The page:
The goal in preventing and treating the risk of glaucoma, or the presence of glaucoma, is to lower the pressure in the eye which we refer to as the intraocular pressure (IOP).
Glaucoma is defined as damage to the optic nerve. Glaucoma is not defined as elevated eye pressure. In most patients, the cause of the nerve damage (glaucoma) is the fact that their eye pressure becomes higher than is safe for their eye. In general, we believe that the normal eye pressure ranges from 12mm Hg to 20mm Hg. Most patients who are not at risk for glaucoma and who do not have glaucoma usually have pressures in this range (12-20mm Hg). Most patients (75%) who are at risk for glaucoma have eye pressures above this range (usually above 20mm Hg) on a routine basis. In these patients, we generally recommend that the patient lower their eye pressure using medications in the form of eye drops. There is a minority of patients (25%) who are at risk for glaucoma but who do not reveal elevated eye pressures. These patients are said to be at risk for “Normal Tension Glaucoma or Low Tension Glaucoma, both are names for the same condition. In these 25% of glaucoma sufferers, the eye pressure does not become elevated yet they appear to be at risk for glaucomatous damage.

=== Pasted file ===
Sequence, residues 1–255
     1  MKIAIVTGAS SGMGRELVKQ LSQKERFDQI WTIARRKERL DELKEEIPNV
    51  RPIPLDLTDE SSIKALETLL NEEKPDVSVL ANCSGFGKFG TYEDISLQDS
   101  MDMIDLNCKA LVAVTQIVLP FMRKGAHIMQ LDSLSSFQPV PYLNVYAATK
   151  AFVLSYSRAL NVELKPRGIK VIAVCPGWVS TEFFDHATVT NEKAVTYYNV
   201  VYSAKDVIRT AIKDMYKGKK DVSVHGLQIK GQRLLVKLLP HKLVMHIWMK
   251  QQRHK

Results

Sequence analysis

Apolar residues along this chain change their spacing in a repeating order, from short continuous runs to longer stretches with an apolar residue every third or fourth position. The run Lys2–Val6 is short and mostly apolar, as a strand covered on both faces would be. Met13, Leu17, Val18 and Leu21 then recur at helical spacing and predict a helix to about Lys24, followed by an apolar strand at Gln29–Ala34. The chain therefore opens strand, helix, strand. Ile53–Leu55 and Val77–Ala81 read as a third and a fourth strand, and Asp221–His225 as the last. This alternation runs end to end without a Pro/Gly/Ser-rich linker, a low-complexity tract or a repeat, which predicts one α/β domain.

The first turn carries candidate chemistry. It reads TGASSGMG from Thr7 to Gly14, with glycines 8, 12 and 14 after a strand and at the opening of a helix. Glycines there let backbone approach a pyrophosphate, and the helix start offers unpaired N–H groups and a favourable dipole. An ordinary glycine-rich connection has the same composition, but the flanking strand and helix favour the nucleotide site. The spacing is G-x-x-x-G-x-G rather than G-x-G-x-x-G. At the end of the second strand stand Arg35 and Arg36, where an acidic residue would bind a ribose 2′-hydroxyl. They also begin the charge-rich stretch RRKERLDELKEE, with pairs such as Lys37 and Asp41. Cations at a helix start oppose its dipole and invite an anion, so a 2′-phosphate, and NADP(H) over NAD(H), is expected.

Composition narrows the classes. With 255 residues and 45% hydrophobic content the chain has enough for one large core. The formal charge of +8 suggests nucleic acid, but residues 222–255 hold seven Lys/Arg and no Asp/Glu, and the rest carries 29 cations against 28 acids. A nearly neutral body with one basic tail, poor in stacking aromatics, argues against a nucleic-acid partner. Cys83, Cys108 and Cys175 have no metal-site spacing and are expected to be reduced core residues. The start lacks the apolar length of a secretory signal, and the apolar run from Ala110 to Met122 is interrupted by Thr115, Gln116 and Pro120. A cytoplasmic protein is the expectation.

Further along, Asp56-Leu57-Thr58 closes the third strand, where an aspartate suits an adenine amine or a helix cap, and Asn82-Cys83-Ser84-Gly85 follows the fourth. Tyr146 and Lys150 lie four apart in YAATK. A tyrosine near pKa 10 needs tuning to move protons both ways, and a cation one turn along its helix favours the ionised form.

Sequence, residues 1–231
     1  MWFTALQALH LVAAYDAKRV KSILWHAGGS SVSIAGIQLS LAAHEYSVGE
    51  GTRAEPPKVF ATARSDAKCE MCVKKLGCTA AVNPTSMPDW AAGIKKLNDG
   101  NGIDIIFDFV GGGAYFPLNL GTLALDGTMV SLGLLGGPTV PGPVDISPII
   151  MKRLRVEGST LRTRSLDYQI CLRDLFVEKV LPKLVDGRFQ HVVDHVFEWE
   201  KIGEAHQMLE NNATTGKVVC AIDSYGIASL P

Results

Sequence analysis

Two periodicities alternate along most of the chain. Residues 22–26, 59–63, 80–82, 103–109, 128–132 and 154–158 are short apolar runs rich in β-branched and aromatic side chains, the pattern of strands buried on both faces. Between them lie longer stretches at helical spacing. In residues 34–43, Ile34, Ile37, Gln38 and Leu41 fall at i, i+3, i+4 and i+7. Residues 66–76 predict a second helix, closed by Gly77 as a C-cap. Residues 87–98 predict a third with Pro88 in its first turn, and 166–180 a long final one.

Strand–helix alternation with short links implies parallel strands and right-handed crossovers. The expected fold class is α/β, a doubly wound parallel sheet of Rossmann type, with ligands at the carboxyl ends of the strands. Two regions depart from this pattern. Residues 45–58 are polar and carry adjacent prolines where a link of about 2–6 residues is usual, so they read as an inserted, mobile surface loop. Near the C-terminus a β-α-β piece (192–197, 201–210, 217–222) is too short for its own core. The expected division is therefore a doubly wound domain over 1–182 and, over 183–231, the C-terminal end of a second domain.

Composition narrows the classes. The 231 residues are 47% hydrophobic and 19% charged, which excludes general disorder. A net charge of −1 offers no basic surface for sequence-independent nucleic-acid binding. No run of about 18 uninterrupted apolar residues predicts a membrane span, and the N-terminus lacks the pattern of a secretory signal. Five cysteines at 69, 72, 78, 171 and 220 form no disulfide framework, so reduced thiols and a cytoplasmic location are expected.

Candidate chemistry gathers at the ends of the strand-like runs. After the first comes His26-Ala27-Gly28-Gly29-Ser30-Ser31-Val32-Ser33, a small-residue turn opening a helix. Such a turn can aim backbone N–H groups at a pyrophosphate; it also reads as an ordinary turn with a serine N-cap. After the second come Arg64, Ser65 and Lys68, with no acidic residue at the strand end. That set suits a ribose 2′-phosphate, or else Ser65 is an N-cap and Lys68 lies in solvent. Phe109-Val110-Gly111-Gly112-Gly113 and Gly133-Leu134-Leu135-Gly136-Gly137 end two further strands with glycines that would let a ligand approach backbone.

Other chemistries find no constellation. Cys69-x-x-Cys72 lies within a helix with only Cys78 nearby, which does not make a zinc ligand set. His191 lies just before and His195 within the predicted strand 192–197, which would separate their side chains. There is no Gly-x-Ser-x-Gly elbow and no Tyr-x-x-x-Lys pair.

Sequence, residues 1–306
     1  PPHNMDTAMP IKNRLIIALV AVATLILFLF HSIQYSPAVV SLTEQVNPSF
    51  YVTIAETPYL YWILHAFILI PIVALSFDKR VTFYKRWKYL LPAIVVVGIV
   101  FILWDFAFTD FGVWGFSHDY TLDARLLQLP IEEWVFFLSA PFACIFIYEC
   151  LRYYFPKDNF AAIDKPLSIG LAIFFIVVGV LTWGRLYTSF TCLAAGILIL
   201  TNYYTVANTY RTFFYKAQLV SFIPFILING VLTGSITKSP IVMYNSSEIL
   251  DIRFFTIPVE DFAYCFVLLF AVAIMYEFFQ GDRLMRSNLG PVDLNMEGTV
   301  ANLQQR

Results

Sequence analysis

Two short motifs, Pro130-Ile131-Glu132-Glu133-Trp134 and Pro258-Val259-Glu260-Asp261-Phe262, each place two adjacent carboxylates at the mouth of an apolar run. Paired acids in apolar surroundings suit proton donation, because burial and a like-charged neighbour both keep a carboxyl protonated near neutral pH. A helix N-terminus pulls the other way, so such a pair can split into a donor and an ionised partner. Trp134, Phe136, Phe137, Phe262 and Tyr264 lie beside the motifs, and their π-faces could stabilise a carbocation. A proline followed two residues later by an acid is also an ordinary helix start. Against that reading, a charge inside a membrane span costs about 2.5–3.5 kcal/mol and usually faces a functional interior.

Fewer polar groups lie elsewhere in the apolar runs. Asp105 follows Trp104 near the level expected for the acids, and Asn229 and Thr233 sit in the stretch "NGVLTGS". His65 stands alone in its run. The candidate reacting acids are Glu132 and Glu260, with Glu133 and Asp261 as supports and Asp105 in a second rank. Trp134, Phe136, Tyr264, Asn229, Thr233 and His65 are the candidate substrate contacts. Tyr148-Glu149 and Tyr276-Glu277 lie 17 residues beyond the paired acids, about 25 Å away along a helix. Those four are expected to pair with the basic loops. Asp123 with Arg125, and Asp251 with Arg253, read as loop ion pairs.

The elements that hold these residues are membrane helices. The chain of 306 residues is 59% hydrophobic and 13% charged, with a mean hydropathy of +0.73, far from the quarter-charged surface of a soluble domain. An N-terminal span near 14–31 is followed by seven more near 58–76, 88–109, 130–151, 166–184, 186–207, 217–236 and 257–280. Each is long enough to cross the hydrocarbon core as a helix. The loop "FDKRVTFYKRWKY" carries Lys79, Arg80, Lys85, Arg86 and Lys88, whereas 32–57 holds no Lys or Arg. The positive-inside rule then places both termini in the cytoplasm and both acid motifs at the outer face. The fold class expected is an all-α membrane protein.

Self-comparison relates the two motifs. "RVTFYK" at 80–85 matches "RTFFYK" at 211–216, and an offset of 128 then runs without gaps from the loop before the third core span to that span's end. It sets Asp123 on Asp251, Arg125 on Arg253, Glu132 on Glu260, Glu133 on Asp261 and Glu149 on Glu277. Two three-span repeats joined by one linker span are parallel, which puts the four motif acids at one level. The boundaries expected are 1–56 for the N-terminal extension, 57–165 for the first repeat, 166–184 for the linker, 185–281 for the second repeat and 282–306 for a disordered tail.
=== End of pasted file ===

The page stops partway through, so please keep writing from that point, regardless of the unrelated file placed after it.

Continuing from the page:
The treatment for both types of glaucoma patients (those with high eye pressures and those with normal eye pressures) is the same. The goal of treatment is to lower the eye pressures to the low end of normal. Thus, although eye pressure is the greatest risk factor for glaucoma, there are clearly other events which contribute to the risk of glaucoma.
When you see your eye care professional, they can help you determine if you have or are at risk for one of these types of glaucoma.